The following is a letter we recently received from a client who wanted to share their debt story anonymously. They want people to know that you are not alone in your struggle.
If you are interested in sharing your Debt Story, post a comment below or email us at firstname.lastname@example.org
When I reached adulthood as dinosaurs continued to walk the earth I could never have imagined that I would some day be a senior citizen with a debt problem. But here I am at 65 years of age, trying to rid myself of credit card balances and a bank line of credit totaling more than $40,000.
We are told that more than 30% of Canadians are in, or have been in a similar boat. Our economy is a house of cards and I am very grateful that there are folks like Creditaid available to help us.
For Baby Boomers like me, a credit problem was much less possible back in the 1960’s. Visa and Mastercard didn’t come along until the 1970’s and most of us were raised on mottos like “pay as you go, and if you can’t pay, don’t go”.
In 1978, at age 31 I got an American Express card. I felt uneasy having it in my wallet, and I used it very sparingly. As the years went by I added both Visa and Mastercard to the collection, but for the most part I paid the outstanding balance in full each month. I was always fully employed and I was never a reckless spender.
If there was a turning point, it was probably around the age of 40. My personal version of a midlife crisis included a marriage breakup, a job change and dealing with aging parents with failing health. Other than that life was still ‘one laugh after another’, and I still invincible in every way, including financially.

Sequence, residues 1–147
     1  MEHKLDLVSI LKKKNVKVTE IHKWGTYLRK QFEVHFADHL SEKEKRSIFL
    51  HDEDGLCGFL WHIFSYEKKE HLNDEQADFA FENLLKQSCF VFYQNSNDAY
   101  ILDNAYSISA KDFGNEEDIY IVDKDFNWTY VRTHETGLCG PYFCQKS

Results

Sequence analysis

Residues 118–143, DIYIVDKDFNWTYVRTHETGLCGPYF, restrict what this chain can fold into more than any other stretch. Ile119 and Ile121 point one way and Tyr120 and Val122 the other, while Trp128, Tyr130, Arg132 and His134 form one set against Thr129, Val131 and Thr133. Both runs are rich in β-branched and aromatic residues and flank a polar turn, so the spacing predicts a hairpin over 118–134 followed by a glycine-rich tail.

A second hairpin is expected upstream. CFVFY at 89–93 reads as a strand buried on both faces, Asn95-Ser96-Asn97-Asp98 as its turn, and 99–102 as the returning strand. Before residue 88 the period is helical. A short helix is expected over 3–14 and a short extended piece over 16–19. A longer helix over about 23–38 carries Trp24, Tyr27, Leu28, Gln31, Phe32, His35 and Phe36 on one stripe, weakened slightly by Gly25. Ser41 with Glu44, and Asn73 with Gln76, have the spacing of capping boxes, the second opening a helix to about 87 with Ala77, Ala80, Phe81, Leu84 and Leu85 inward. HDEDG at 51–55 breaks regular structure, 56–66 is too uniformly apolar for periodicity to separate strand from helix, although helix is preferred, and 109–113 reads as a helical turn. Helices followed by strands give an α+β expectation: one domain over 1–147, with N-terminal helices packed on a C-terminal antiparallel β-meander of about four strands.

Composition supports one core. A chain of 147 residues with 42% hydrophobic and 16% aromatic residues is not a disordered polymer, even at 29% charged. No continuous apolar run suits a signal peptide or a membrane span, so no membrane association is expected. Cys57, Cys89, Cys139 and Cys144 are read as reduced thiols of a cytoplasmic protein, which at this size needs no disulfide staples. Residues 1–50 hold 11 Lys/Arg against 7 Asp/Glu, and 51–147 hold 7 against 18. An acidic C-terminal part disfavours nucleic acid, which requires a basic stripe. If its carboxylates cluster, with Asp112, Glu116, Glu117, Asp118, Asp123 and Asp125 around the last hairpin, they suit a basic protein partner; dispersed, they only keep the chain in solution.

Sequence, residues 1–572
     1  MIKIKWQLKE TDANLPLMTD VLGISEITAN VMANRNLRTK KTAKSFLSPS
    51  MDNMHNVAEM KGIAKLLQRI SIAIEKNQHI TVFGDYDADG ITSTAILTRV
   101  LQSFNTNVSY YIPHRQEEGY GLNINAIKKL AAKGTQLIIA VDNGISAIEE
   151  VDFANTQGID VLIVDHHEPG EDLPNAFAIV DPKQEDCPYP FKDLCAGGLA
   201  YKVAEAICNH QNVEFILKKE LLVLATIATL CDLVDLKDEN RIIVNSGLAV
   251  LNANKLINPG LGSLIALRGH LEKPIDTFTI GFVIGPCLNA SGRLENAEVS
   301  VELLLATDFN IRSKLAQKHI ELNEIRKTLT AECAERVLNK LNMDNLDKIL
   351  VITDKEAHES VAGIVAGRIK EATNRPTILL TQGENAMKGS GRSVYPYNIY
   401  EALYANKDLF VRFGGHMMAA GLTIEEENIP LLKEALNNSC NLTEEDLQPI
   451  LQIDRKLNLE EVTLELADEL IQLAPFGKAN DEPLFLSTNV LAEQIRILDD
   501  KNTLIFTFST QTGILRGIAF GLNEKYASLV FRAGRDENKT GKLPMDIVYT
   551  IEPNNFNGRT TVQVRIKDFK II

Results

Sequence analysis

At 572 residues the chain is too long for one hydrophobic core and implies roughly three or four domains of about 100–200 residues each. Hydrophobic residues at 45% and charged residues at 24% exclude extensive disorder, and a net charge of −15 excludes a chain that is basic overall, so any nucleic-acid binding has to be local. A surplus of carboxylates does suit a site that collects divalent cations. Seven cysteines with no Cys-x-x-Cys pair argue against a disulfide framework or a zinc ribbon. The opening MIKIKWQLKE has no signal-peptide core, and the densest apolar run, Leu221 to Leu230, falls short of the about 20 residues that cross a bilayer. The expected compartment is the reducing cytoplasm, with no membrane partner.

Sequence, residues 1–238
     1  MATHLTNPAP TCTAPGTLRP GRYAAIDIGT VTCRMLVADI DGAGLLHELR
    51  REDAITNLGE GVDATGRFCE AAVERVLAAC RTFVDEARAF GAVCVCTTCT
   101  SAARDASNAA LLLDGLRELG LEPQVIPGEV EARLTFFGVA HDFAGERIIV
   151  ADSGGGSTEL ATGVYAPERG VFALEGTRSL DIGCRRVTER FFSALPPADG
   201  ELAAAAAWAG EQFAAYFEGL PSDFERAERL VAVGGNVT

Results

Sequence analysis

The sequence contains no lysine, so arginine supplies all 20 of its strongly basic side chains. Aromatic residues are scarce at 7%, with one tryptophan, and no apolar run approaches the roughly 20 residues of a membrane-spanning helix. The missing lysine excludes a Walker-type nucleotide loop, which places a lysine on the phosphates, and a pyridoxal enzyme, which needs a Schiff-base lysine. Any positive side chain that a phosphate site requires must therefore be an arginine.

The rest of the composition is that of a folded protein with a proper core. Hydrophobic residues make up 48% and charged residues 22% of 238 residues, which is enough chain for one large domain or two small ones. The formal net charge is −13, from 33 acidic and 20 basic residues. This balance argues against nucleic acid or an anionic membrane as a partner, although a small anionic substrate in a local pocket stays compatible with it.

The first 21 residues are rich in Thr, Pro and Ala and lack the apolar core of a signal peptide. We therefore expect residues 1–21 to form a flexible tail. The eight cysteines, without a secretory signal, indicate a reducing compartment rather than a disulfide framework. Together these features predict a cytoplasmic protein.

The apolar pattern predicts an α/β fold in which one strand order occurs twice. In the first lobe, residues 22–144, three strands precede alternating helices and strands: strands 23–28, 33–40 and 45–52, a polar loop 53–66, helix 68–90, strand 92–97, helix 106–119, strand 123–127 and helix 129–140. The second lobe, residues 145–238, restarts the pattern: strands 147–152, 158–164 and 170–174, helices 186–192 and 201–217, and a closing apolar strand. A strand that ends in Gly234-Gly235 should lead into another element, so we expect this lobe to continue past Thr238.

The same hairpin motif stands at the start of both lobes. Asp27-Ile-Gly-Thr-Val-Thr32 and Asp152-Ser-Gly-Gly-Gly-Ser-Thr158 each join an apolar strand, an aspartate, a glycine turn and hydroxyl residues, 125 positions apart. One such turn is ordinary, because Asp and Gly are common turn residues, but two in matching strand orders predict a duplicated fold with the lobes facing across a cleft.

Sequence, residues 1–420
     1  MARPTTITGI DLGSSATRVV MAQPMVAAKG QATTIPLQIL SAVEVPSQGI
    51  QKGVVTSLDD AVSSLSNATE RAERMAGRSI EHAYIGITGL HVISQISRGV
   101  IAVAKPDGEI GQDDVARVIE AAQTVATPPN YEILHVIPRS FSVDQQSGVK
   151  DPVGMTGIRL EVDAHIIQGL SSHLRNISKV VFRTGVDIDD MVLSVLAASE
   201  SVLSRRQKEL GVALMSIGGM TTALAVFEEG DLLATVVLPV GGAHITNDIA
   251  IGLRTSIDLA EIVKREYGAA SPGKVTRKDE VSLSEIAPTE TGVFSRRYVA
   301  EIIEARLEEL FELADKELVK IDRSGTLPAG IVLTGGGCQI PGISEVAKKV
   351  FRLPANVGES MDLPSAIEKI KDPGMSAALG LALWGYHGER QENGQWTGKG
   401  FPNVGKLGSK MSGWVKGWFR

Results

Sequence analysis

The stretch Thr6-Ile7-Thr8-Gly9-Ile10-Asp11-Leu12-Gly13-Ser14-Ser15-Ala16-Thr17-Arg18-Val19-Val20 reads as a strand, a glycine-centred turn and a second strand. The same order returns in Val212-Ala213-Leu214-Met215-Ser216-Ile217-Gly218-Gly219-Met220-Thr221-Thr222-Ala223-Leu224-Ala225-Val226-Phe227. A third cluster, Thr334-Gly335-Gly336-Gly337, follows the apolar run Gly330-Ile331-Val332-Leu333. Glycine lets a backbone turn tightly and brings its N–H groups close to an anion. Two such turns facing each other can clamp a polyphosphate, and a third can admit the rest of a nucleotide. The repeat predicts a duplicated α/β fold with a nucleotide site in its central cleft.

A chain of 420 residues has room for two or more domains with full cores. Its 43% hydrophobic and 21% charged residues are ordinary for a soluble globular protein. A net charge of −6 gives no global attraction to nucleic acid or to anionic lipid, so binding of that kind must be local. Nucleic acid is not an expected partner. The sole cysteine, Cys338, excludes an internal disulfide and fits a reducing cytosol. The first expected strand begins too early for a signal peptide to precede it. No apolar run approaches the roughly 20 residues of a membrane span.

My income continued to grow and there was no reason to believe that would change anytime soon. Slowly but surely those cards in the wallet started to have outstanding balances that were carried over from month to month.
My well meaning friendly banker suggested a personal line of credit. That way the credit cards could be kept closer to zero in favour of one larger balance with a substantially lower interest rate. Eventually I found myself on a career path that was shrinking rather than growing, and some bad choices got me where I am today.
“Where will it end?” you wonder at times. But you don’t dwell on the problem. I think it’s called denial and it makes basic functions like sleep possible. You do silly things like buy more lottery tickets and plug coins into VLTs. You believe the old slogan “You can’t win it if you’re not in it”.
But there has to be a day of reckoning for most of us. Finding the right path then becomes the issue. Over the radio you hear the slick pitches with their toll free numbers. You call one or two of them and you know there’s something ‘too good to be true’ about what they’re selling.
I’m very glad to have found Winnipeggers at Creditaid who have been able to help me come up with a plan that works. It’s nice to know that you are not alone.